Karine Avagyan: I am aware that the participants of this conference also addressed the translation of books. There were translators whose presence served as a wonderful opportunity for them to interact with different writers and get acquainted with their works. As a translator, what is your message in relation to translations?

Varand Kurkchian: It was very nice to see translators at the conference. Translation is very important for a writer to become internationally recognized. A writer won’t become recognized only in his environment. If the works of Shakespeare, Balzak, Maupassant and other foreign writers were not translated, how would Armenian readers know about them? After the conference, we visited Oshakan where I was granted the first prize for Best Translated Book of the Year. The book is entitled “Contemporary Iranian Poetry”. It is a 212-page anthology featuring the works of the 100 top Persian poets whose works have been translated from the original. I have tried to translate the works of each author in my own way.

Karine Avagyan: Mr. Kurkchian, please, tell us about yourself and your roots. In our conversation before the interview, you told me that you received your education abroad.

Varand Kurkchian: I was born in Tehran. My grandparents are from Western Armenia (Karin). During the massacres, my father’s side lost 19 relatives, and my mother’s side – 26. During those days, my grandfather was saved by chance in the nearby settlement, but he lost his wife and three-year-old daughter. Later, he settled in Kutais and started a second family after getting married to the daughter of a Russian and a Greek in Kharkow. My mother’s family was in the desert. Later, my family went to the southern part of Iran…It is the luck and destiny of an Armenian…I am a philologist by profession, but I also paint and write songs. I have written the most songs in the Diaspora. I received my education in Iran, France and Great Britain. My father was a weightlifting champion, and my mother worked at a sewing factory. In the 1970s, I learned French from the family of an attaché of the French embassy living in our building, and my grandmother taught me Russian. I write, translate, paint and teach, but now I have decided to dedicate myself entirely to the fine arts.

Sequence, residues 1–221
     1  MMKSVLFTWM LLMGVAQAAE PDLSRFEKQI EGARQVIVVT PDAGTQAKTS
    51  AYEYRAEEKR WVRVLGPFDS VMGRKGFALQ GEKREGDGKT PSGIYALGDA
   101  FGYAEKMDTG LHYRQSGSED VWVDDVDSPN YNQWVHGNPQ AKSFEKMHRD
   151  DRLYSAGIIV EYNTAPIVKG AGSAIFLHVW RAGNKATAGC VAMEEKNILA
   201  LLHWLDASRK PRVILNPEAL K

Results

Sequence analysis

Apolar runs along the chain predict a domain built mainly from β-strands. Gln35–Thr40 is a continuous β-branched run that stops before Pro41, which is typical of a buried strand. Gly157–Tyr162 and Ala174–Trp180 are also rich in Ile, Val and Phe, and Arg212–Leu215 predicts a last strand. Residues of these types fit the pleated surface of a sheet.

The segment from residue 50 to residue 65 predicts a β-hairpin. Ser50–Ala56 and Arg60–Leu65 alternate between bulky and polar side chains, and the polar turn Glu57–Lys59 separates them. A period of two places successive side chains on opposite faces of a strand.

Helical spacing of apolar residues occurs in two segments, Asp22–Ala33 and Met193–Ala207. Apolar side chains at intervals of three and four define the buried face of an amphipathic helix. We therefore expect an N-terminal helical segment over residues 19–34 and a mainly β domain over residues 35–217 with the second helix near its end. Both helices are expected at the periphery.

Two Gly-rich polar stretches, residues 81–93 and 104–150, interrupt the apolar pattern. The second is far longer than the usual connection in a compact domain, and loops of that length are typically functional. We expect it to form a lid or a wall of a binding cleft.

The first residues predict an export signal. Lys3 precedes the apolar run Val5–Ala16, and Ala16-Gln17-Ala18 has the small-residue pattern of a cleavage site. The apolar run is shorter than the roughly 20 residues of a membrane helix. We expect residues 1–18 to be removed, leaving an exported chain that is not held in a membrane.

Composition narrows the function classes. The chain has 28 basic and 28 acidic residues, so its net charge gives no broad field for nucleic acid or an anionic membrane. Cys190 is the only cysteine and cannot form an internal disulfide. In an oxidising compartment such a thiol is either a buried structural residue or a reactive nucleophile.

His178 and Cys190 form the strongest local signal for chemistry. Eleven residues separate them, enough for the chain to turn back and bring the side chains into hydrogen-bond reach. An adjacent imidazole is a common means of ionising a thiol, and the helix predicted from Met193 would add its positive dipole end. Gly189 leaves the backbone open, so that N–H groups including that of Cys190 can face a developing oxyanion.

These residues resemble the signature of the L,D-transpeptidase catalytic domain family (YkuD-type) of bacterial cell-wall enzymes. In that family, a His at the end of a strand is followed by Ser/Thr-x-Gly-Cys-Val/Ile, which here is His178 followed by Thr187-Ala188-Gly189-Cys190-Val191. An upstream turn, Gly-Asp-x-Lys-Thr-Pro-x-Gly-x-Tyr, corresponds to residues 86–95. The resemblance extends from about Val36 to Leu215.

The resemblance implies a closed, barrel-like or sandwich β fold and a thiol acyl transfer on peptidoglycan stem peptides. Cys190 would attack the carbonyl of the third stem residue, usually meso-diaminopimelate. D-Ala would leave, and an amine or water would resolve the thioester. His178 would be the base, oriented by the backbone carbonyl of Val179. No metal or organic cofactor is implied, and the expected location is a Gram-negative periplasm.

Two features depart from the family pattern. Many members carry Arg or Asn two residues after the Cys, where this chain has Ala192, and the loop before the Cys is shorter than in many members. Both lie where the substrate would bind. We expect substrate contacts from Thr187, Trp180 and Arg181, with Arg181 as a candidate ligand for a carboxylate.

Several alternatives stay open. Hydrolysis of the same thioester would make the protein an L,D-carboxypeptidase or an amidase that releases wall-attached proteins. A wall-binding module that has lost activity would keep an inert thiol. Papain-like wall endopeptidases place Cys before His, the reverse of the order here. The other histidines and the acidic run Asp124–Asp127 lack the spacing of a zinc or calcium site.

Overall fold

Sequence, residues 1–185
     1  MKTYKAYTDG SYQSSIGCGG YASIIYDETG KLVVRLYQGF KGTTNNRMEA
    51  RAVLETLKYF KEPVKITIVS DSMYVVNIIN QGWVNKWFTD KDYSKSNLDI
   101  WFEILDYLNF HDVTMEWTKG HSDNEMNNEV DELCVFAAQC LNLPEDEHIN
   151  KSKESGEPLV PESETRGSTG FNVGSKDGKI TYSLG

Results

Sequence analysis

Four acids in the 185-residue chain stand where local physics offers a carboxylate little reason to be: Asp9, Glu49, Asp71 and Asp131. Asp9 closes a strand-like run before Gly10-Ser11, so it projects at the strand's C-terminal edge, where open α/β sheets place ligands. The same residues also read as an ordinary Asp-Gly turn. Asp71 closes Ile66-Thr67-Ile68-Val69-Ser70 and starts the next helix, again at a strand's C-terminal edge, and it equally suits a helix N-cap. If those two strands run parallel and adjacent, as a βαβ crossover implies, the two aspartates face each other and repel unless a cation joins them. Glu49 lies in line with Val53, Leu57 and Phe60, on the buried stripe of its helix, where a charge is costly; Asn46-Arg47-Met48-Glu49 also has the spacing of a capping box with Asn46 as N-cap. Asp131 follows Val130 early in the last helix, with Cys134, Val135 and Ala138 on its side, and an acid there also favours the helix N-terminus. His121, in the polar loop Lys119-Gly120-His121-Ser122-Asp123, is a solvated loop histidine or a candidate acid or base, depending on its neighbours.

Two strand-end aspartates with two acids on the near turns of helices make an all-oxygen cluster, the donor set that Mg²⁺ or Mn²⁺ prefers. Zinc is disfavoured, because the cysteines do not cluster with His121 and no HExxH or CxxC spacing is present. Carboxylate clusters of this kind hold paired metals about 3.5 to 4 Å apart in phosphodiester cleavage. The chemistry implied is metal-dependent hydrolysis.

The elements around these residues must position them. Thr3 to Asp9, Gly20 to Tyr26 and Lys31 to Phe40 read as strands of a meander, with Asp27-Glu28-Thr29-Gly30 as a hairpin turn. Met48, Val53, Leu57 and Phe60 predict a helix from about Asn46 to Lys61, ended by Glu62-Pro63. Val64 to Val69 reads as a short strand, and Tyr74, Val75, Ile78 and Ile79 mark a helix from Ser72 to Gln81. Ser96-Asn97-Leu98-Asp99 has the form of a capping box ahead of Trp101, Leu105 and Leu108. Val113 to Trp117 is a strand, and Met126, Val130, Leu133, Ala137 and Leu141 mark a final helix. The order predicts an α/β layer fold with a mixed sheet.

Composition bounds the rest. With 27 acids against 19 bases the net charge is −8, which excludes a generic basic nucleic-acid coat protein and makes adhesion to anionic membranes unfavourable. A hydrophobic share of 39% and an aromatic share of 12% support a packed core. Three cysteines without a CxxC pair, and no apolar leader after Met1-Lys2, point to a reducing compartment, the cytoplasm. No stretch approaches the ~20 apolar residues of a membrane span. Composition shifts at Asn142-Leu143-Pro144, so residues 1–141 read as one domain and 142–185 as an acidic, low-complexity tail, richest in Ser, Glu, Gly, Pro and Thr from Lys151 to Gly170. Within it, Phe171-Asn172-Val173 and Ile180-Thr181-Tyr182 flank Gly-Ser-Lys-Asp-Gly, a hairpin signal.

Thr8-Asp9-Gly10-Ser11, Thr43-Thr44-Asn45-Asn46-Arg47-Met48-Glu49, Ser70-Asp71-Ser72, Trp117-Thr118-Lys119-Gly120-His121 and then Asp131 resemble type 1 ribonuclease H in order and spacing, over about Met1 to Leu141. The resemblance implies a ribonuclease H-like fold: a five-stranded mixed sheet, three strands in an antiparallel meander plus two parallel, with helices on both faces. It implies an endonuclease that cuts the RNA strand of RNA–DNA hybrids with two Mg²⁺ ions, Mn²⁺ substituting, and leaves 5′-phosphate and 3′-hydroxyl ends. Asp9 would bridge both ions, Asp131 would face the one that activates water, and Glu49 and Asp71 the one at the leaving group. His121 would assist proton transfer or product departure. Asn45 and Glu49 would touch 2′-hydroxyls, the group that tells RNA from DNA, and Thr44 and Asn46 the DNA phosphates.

This is how my interesting interlocutor was, our talented compatriot Varand Kurkchian, who talked not only about the conference, but also his life, which is also very important and interesting and is a story of the life and pro-national activities of the descendant of Armenians who were deported.

Karine Avagyan